But one means worship and the other means washing, and that is the distinction

From Arthur Machen’s Hieroglyphics: A Note Upon Ecstasy in Literature (full text here), a pseudo-dialogue in six parts structured in imitation of Coleridge’s ‘cyclical mode of discoursing’ – argumentation through amplifying and refining repetition – and attempting to define how to distinguish ‘fine literature’ from everything else.

I am glad it strikes you as a big question: to me it seems the question, the question which covers the final dogma of literary criticism. Of course after we have answered this prerogative riddle, there will be other questions, almost without end, classes, and sub-classes of infinite analysis. But this will be detail; while the question I have propounded is the question of first principles; it marks the parting of two ways, and in a manner, it asks itself not only of literature, but of life, but of philosophy, but of religion. What is the line, then; the mark of division which is to separate spoken, or written, or printed thought into two great genera?

Well, as you may have guessed, I have my solution, and I like it none the less, because the word of the enigma seems to me actually but a single word. Yes, for me the answer comes with the one word, Ecstasy. If ecstasy be present, then I say there is fine literature, if it be absent, then, in spite of all the cleverness, all the talents, all the workmanship and observation and dexterity you may show me, then, I think, we have a product (possibly a very interesting one), which is not fine literature.

Of course you will allow me to contradict myself, or rather, to amplify myself before we begin to discuss the matter fully. I said my answer was the word, ecstasy; I still say so, but I may remark that I have chosen this word as the representative of many. Substitute, if you like, rapture, beauty, adoration, wonder, awe, mystery, sense of the unknown, desire for the unknown. All and each will convey what I mean; for some particular case one term may be more appropriate than another, but in every case there will be that withdrawal from the common life and the common consciousness which justifies my choice of “ecstasy” as the best symbol of my meaning. I claim, then, that here we have the touchstone which will infallibly separate the higher from the lower in literature, which will range the innumerable multitude of books in two great divisions, which can be applied with equal justice to a Greek drama, an eighteenth century novelist, and a modern poet, to an epic in twelve books, and to a lyric in twelve lines.


 “Here is a temple, here is a tub,” we may suppose a child to say, learning from a picture-alphabet; but the temple may be a miserably designed structure, in ruinous condition, and the tub is, perhaps, a miracle of excellent workmanship. But one means worship and the other means washing, and that is the distinction.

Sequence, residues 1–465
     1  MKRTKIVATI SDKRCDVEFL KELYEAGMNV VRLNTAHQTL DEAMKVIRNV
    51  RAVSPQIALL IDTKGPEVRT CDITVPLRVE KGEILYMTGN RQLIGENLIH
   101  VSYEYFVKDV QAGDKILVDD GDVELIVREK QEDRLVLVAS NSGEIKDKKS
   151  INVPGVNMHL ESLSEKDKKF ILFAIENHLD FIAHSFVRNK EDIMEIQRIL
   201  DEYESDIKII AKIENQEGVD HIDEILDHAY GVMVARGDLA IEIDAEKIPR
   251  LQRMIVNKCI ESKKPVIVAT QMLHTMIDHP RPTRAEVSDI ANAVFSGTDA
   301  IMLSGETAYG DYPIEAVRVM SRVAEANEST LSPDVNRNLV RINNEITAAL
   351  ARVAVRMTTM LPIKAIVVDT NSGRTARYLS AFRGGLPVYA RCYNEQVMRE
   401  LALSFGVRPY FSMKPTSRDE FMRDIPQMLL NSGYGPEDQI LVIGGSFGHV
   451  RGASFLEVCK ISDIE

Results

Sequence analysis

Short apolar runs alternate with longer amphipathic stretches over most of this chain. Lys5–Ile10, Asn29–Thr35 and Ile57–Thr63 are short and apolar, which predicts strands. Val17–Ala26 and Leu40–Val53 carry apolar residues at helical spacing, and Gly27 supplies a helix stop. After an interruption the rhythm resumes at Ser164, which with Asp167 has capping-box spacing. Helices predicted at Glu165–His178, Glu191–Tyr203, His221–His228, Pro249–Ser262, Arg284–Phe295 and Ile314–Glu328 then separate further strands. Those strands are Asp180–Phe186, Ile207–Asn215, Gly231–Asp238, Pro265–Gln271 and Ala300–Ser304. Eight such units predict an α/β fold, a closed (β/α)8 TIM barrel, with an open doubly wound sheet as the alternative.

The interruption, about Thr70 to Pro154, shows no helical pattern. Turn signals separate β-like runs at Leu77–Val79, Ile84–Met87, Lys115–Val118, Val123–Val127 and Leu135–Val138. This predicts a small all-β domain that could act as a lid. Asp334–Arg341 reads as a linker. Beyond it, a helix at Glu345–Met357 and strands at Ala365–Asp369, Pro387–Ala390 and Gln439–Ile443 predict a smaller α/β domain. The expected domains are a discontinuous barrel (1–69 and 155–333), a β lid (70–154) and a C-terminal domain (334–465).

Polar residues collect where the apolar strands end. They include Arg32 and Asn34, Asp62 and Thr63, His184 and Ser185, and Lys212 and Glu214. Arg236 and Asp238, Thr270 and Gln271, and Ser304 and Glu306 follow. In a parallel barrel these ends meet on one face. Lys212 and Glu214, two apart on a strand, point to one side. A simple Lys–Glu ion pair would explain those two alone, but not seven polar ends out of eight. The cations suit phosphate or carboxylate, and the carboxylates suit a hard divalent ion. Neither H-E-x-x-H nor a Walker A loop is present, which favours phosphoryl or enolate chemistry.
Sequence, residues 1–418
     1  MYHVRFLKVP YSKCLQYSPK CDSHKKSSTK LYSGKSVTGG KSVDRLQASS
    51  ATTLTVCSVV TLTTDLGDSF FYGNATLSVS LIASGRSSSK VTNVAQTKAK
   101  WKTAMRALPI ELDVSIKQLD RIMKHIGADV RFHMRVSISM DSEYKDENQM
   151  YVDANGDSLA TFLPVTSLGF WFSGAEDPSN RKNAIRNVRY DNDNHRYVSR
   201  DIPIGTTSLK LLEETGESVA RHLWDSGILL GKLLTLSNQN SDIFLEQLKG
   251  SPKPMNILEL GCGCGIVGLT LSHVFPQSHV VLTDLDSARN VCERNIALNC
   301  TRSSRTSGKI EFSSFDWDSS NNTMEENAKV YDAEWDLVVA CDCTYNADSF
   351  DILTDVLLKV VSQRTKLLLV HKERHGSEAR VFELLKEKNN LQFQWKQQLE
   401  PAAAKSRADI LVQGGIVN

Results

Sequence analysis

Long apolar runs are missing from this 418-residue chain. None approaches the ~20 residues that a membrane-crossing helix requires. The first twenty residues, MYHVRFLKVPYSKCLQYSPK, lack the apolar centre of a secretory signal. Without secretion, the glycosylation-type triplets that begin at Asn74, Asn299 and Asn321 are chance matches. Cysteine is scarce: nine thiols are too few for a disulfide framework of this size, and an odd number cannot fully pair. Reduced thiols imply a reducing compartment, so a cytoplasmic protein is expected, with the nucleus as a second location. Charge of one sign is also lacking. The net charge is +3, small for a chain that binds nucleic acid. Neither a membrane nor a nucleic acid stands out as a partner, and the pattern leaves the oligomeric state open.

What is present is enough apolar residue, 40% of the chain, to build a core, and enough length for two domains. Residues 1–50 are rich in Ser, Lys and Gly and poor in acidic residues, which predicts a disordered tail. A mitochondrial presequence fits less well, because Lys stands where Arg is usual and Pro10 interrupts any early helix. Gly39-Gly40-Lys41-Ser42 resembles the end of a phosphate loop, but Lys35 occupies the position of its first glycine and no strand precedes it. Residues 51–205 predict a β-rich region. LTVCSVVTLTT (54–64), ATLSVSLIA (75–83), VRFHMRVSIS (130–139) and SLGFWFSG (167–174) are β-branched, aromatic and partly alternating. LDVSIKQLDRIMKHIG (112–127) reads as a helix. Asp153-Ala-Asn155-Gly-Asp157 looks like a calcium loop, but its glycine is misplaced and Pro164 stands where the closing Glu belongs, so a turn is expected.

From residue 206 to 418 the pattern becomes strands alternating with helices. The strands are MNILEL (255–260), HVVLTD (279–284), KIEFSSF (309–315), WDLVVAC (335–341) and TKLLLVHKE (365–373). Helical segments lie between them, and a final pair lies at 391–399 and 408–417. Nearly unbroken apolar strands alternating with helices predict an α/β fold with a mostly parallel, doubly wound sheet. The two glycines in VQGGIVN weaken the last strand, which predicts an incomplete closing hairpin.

And continuing the thought in section 3:

This, then, is the fourfold work of literature, and if you want to be perfect you must be perfect in each part. Art must inspire and shape each and all, but only the first, the Idea, is pure art; with Plot, and Construction, and Style there is an alloy of artifice. If then any given book can be shown to proceed from an Idea, it is to be placed in the class of literature, in the shelf of the “Odyssey” as I think I once expressed it. It may be placed very high in the class; the more it have of rapture in its every part, the higher it will be: or, it may be placed very low, because, for example, having once admired the Conception, the dream that came to the author from the other world, we are forced to admit that the Story or Plot was feebly imagined, that the Construction was clumsily carried out, that the Style is, æsthetically, non-existent. You will notice that I am never afraid of blaming my favourites, of finding fault with the books which I most adore. I can do so freely and without fear of consequences, since having once applied my test, and having found that “Pickwick,” for example, is literature, I am not in the least afraid that I shall be compelled to eat my words if flaws in plot and style and construction are afterwards made apparent. The statue is gold; we have settled that much, and we need not fear that it will turn into lead, if we find that the graving and carving is poor enough. Once be sure that your temple is a temple, and I will warrant you against it being suddenly transmuted into a tub, through the discovery of scamped workmanship.

I like Machen’s theory more than some of his application of it – as when it leads to dismissing Austen and George Eliot. He doesn’t pretend to a fixed definition of ecstasy, but we do get a firm sense of what he thinks it isn’t. And from that it feels like he doesn’t allow for its relativity (or that of its various stand-in semi-synonyms). More critically, you could also point out that all he does is shift the argument up a layer of abstraction – from ‘is this fine literature?’ to ‘does this contain elements of ecstasy?’

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